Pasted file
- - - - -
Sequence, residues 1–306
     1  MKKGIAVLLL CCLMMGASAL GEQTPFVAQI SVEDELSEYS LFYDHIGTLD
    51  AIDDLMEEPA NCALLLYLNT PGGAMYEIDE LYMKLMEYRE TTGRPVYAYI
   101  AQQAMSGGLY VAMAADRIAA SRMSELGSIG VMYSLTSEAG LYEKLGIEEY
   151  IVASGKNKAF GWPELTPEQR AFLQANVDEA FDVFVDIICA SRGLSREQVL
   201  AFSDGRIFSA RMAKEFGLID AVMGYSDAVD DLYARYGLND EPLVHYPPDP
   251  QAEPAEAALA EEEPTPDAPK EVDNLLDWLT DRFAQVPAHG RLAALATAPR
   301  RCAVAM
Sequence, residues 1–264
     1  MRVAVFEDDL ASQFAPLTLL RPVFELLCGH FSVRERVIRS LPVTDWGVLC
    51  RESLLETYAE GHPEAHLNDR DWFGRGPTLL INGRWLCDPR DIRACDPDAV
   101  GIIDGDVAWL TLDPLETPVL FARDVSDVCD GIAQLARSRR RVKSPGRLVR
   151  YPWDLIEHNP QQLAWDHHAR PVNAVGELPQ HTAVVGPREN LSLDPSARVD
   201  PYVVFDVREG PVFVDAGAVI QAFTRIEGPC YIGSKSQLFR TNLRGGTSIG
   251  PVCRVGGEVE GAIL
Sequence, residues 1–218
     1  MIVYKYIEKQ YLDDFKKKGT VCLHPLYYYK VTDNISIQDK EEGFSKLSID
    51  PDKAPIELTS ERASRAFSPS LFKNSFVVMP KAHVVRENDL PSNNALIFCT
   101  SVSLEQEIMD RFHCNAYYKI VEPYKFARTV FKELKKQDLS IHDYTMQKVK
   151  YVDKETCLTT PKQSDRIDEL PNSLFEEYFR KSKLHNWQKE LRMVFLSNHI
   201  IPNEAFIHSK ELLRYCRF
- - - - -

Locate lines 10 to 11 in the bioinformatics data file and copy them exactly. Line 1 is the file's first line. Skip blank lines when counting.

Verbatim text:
     1  MRVAVFEDDL ASQFAPLTLL RPVFELLCGH FSVRERVIRS LPVTDWGVLC
    51  RESLLETYAE GHPEAHLNDR DWFGRGPTLL INGRWLCDPR DIRACDPDAV